In 2008, one of Hous­ton-based Vanco En­ergy Com­pany’s sub­sidiaries had its li­cense to ex­plore the Black Sea shelf re­voked in 2008 amid rev­e­la­tions that the four par­ity share­hold­ers of the Vanco sub­sidiary were: DTEK, owned by Ukrainian ty­coon Ri­nat Akhme­tov; Shad­ow­light In­vest­ments, Ltd., owned by Rus­sian businessma­n Evgeny Novit­sky; Vanco In­ter­na­tional of Ber­muda, a sub­sidiary of Vanco En­ergy Com­pany; and In­te­grum Tech­nolo­gies of Aus­tria.

The Vanco project re­mains frozen to this day. The Hous­ton par­ent com­pany has been sold by its orig­i­nal Amer­i­can founders to Rus­sian in­ter­ests. Vanco’s project in Ukraine, which ad­mits to hav­ing Akhme­tov as a part­ner but has strug­gled to re­veal who its other ben­e­fi­cial own­ers are, is in talks with Ukrainian of­fi­cials on re­sum­ing the project.

Diplo­mats, rep­re­sen­ta­tives of en­ergy com­pa­nies in­volved in the shale gas bid­ding and Ukrainian of­fi­cials ad­mit that there are con­cerns that SPKGeoser­vice might be in a front for a rent-seek­ing ar­range­ment by Ukrainian of­fi­cials.

How­ever, ex­perts also noted that be­cause of their high pro­file and level of public scru­tiny Shell and Chevron re­ceive, they can­not bend cor­ners as Vanco, a rel­a­tively small Us-based en­ergy com­pany, did.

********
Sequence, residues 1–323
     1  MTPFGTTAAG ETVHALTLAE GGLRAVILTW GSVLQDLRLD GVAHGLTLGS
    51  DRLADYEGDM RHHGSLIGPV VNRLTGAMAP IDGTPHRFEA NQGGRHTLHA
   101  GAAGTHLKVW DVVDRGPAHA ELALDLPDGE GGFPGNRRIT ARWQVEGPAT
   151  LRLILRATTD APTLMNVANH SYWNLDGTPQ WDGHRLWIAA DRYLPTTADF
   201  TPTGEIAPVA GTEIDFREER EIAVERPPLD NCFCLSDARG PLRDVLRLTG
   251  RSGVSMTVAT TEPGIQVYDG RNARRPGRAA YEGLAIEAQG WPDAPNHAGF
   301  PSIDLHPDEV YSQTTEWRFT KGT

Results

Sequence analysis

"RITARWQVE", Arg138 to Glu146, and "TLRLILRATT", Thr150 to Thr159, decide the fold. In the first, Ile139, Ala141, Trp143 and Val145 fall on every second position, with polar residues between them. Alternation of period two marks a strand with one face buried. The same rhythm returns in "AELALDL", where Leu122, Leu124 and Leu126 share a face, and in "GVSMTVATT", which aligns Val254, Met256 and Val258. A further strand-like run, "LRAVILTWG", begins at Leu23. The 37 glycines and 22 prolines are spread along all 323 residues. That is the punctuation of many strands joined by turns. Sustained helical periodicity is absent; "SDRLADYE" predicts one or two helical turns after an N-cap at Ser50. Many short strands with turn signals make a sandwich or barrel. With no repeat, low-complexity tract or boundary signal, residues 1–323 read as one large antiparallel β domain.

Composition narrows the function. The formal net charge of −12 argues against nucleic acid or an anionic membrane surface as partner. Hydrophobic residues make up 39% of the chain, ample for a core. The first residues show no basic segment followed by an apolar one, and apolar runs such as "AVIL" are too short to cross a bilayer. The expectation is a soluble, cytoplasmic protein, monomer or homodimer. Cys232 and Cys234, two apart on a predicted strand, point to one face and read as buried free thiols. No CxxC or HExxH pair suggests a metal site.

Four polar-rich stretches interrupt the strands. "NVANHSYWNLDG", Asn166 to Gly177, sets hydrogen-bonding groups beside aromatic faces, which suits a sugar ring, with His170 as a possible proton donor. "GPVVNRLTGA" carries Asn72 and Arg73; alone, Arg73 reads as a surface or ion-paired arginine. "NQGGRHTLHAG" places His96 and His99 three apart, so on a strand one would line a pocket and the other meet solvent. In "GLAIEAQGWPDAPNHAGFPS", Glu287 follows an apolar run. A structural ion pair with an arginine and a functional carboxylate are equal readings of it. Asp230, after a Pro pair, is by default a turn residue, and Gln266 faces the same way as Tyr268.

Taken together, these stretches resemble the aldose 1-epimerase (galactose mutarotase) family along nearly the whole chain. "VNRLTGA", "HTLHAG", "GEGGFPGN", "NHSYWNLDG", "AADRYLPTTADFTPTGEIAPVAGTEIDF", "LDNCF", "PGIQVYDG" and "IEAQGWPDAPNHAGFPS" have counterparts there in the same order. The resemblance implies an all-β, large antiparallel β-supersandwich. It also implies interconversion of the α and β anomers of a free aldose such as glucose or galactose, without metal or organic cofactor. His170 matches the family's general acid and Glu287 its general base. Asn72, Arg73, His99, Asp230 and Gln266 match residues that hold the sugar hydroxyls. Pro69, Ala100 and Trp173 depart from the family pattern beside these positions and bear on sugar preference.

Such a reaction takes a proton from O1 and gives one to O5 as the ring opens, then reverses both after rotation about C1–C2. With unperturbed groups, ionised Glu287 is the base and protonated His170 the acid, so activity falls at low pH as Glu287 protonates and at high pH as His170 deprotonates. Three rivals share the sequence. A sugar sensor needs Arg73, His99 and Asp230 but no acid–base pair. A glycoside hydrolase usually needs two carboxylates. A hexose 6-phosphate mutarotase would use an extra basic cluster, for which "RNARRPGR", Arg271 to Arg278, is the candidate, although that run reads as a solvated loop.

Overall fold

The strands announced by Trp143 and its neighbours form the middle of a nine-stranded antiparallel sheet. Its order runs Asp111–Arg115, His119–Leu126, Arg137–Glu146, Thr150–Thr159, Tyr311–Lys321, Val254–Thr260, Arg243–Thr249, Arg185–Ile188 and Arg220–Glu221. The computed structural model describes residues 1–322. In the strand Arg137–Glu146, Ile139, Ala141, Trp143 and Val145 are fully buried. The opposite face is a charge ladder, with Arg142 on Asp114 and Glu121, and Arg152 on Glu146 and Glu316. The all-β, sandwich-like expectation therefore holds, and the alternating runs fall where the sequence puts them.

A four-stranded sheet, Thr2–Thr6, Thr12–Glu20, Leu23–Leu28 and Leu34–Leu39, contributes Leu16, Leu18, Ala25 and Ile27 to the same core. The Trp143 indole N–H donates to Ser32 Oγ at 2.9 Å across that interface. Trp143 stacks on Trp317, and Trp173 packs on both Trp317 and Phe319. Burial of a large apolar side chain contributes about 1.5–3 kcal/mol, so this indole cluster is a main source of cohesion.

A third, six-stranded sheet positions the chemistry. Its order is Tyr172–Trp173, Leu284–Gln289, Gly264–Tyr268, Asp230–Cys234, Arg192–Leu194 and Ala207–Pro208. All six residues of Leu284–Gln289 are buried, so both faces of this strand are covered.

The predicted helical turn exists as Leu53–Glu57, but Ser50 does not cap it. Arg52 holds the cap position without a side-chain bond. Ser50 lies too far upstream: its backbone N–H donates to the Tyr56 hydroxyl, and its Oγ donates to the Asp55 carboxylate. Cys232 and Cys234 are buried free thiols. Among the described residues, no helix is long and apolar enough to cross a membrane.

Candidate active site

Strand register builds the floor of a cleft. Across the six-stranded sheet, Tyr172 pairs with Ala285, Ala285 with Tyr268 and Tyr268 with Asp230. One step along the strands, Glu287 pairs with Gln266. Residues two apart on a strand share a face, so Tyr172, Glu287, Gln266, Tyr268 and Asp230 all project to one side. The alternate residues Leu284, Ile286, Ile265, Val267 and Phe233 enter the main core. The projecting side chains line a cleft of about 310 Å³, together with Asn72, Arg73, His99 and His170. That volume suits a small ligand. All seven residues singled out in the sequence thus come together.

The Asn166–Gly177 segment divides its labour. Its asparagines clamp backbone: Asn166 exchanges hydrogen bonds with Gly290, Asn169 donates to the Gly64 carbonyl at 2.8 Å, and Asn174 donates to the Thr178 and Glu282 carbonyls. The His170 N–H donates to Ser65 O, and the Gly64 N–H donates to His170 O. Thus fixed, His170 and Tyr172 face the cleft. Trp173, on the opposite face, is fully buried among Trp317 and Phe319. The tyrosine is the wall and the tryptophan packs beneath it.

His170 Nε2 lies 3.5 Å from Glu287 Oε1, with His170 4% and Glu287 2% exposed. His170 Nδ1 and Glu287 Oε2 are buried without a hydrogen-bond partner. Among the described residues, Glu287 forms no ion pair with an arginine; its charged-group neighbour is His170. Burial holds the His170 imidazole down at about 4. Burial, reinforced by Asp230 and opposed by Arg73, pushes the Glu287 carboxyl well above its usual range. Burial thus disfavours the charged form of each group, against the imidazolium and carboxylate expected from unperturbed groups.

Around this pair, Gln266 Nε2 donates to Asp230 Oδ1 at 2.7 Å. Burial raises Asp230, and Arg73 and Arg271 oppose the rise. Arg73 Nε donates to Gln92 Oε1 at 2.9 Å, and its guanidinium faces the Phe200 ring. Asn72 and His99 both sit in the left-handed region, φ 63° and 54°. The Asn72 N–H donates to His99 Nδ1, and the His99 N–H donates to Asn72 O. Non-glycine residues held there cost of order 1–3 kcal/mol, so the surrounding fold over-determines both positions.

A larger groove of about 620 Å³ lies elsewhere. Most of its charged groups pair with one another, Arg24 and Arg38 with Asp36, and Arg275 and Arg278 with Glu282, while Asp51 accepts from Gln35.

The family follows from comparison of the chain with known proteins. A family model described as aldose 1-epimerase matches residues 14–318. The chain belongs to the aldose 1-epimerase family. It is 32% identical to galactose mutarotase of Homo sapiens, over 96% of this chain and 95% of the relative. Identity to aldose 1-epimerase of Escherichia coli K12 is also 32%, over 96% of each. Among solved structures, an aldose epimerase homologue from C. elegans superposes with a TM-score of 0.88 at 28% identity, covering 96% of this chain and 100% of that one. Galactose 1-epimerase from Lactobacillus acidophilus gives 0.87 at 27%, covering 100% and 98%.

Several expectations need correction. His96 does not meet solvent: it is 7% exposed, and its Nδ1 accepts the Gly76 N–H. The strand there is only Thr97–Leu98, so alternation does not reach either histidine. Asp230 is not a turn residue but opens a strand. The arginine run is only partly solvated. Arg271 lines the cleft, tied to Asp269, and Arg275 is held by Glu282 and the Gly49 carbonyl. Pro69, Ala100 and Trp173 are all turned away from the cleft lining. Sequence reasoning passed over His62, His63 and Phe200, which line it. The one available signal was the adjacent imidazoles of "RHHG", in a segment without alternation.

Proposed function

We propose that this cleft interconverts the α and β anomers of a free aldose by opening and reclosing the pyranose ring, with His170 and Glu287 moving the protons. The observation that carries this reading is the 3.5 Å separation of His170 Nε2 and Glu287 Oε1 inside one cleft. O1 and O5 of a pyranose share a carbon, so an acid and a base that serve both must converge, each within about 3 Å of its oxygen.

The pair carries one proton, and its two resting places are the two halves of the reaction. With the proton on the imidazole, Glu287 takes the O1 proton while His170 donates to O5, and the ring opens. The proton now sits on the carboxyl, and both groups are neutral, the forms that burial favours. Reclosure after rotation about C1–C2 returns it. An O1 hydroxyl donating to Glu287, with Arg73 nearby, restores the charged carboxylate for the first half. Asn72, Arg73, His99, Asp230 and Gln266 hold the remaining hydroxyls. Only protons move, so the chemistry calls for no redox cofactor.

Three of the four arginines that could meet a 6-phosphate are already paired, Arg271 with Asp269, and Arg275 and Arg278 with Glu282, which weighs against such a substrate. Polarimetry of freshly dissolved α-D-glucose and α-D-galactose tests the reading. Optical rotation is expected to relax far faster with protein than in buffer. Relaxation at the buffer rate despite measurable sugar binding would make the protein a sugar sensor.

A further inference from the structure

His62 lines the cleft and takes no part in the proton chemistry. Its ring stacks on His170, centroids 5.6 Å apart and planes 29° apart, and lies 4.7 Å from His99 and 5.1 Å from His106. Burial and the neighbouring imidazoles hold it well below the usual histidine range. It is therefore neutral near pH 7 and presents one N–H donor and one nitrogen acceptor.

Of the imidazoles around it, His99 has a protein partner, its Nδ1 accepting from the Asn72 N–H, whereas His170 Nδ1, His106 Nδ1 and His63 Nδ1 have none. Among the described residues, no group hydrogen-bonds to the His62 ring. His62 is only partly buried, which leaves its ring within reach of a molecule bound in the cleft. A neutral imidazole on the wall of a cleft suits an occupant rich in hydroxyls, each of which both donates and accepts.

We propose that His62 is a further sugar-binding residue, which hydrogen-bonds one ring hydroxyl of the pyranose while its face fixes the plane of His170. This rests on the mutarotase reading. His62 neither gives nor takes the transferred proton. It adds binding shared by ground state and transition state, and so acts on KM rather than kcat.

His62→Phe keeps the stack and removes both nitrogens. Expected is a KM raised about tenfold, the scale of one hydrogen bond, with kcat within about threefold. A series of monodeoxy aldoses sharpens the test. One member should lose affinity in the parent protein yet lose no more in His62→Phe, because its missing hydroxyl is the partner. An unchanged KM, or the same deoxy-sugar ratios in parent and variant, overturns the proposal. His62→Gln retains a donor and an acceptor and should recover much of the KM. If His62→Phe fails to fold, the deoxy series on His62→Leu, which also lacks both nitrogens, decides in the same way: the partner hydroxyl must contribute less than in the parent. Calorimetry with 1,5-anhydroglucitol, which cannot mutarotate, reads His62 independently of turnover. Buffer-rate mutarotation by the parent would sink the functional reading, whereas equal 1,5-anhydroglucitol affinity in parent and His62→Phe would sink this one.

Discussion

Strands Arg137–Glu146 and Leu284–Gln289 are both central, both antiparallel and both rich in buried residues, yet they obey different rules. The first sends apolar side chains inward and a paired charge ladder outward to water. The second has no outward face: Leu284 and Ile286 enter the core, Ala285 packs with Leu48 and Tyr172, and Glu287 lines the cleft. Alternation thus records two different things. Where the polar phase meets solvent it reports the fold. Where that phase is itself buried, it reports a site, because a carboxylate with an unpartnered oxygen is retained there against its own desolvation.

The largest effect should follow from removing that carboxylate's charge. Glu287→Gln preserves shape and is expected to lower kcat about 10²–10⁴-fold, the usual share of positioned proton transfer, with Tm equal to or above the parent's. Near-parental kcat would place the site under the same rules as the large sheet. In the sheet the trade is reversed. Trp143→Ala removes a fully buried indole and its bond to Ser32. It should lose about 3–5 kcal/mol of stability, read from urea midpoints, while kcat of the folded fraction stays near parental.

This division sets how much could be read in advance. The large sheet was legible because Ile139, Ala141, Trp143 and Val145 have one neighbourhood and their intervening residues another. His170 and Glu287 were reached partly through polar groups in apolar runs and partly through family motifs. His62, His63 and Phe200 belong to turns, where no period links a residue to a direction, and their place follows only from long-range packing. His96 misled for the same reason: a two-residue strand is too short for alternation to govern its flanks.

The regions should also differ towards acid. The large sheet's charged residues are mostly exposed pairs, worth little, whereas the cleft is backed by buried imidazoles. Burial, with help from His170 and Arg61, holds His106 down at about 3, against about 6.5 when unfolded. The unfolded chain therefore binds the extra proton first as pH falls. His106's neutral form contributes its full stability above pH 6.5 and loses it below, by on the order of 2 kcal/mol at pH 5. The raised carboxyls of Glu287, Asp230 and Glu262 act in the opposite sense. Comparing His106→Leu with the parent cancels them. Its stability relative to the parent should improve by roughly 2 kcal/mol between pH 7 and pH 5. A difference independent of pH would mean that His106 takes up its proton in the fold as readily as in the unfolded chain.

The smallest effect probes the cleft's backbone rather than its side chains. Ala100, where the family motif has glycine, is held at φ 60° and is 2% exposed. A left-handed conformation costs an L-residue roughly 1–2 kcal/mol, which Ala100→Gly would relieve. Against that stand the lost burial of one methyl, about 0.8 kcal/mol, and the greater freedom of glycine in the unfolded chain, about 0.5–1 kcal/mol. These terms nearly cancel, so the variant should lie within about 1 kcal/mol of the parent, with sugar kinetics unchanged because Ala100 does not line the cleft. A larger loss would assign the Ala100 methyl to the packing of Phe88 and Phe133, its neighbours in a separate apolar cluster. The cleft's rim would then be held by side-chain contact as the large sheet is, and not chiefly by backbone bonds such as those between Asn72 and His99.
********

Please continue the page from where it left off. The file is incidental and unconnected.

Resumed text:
En­ergy ex­perts did ad­mit though that the Vanco pro­duc­tion shar­ing agree­ment was con­cluded when Yanukovych was prime min­is­ter in 2007, and when many cur­rent top of­fi­cials served in his gov­ern­ment.

Due dili­gence in Chevron and Shell’s case could take up to four months and carry a $100,000 price tag, said Svi­atoslav Belei, an as­so­ci­ate with the Gide Loyrette Nouel law firm.

And the depth of qual­ity of due dili­gence, Belei said, de­pends on

An­ders As­lund, an ex­pert on East­ern Euro­pean economies at the Peter­son In­sti­tute for In­ter­na­tional Eco­nom­ics.

Ed Chow, a U.s.-based en­ergy con­sul­tant